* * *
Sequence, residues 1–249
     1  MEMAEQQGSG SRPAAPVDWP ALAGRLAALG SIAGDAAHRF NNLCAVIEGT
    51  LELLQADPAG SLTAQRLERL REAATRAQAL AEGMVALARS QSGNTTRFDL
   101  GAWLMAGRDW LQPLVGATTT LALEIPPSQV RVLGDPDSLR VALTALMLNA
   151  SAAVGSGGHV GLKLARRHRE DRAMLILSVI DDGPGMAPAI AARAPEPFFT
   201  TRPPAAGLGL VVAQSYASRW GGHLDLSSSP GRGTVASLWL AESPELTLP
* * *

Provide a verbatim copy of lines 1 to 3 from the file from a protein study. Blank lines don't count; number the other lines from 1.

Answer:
Sequence, residues 1–249
     1  MEMAEQQGSG SRPAAPVDWP ALAGRLAALG SIAGDAAHRF NNLCAVIEGT
    51  LELLQADPAG SLTAQRLERL REAATRAQAL AEGMVALARS QSGNTTRFDL